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How to scale images using percentages?


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3 minutes ago, MEB said:

If the question is knowing if the image keeps the original ratio or was distorted the dpi on the left corner should give you a hint. A button to reset it to the original dimensions should be enough. If you really also need to resize it an even percentage (or whatever) you can do so through the Transform panel.

But the transform panel doesn't expose the percentages. As far as it is concerned, it's always 100% expressed as dimensions.

Resetting to 100% is only half the issue. Any "button" ought to be smart enough to allow the user to either reset to 100% or to equalize the percentages.

Hints are all fine and dandy. But this isn't about hinting...

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If you notice an image which is distorted, and use the transform panel and percentages to change them, the image is resized, but the distortion remains. Using the transform panel you can't remove the distortion unless you know the original size... 

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6 minutes ago, MEB said:

A button to reset it to the original dimensions should be enough.

+ 1

I remember that I forgot to ask for this already.

Mac Pro (Late 2013) Mac OS 12.7.2 
Affinity Designer 2.3.1 | Affinity Photo 2.3.1 | Affinity Publisher 2.3.1 | Beta versions as they appear.

I have never mastered color management, period, so I cannot help with that.

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I can't really imagine percentage of "original size" being as useful as whether or not the image fits the part of the page where I need it to go.

Even the concept of original size is questionable unless the image was scanned from paper, as you could zoom in and out a bunch of times when creating artwork, the distance of an object from a camera might not be consistent if working with a photograph, etc., so the original size in most cases is an imaginary metric and doesn't really equate to anything useful.  The actual DPI it will print at is meaningful for a raster image as it helps to identify whether or not something will start looking grainy due to lack of data...  but that is purely a function of the actual pixel resolution and the placed size, so original size is again irrelevant.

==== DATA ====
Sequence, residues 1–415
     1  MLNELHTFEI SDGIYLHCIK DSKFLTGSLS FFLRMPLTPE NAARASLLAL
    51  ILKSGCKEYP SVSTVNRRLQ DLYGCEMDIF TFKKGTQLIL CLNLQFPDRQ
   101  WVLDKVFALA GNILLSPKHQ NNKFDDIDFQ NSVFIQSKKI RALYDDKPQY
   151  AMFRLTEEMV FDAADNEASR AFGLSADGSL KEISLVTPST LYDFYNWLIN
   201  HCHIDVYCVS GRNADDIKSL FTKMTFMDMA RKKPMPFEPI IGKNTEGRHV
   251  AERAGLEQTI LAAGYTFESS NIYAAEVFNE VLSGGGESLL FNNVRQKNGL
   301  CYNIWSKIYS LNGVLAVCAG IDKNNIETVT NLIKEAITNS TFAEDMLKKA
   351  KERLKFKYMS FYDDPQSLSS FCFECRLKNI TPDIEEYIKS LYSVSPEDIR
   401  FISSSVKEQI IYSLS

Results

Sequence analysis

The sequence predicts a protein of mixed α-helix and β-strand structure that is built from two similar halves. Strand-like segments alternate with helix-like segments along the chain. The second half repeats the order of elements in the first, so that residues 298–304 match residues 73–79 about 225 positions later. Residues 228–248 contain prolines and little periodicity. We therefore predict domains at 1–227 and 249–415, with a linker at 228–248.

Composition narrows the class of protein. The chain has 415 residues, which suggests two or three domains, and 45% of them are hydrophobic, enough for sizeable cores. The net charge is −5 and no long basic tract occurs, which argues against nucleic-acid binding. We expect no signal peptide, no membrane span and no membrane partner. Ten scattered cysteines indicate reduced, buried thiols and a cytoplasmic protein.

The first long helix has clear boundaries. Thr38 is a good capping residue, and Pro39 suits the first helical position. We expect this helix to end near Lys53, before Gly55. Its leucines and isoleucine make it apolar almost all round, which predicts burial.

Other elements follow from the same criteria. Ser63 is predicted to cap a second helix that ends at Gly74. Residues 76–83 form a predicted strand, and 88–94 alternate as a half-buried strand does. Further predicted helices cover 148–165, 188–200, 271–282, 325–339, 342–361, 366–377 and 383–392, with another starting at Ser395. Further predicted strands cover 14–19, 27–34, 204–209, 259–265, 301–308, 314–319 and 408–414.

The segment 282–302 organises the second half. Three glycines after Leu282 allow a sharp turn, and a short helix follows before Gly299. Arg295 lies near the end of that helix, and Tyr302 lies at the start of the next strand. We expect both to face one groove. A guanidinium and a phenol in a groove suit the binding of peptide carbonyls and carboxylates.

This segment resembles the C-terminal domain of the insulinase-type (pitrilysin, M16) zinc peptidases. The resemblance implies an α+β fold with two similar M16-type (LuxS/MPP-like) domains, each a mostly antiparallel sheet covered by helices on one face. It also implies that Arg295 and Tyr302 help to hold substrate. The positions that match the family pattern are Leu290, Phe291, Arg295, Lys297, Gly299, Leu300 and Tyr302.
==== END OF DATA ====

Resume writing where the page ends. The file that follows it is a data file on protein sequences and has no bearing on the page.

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21 minutes ago, timme said:

If you notice an image which is distorted, and use the transform panel and percentages to change them, the image is resized, but the distortion remains. Using the transform panel you can't remove the distortion unless you know the original size... 

timme,
You would have to reset the image first, then set the percentage you want in the Transform panel - that's what I meant. You wouldn't be able to do it directly via the Transform panel if the image was still distorted.

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I totally agree with @MikeW and @timme.

Why do you (Serif) insist on your solution?
I know it's work to make this happen, but it would help a lot of people.
I know I can work around this, but wouldn't it be way better to make it easy for us designers?
You have to stand up to a very strong competitor.


I am just trying to help as I am a big fan of your work. ;-)

iMac 27" with macOS Mojave (German)

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1 hour ago, fde101 said:

I can't really imagine percentage of "original size" being as useful as whether or not the image fits the part of the page where I need it to go.

It is useful if you need to maintain original scale (like in architectural drawings) or stretch it to some common scale. This is more about vector images of course.

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  • 1 year later...

Going back to resizing an image by percentage - someone said that you can type percentages in the transform palette - however, for me, that only adjusts the bounding box of the image rather than the image within it. I presume I'm doing something wrong. So, could someone explain how I can change the size of an image itself (that's been placed inside an image box) by accurate percentage? If I'm not so bothered about getting things exact I can use the slider below the image. But what about if I want two images to be changed by exactly the same amount? Or, indeed, even if I want to change the zoom using the slider but to, say, 100.1% - the slider is 'sticky' to certain zoom levels and jumps from those levels. Make sense?

All thoughts/suggestions gratefully received!

Edward

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Have a look at the Layers panel, locate the picture frame and click on the image inside it. Now you can scale the image with the percentage you want in the Transform panel.

------
Windows 10 | i5-8500 CPU | Intel UHD 630 Graphics | 32 GB RAM | Latest Retail and Beta versions of complete Affinity range installed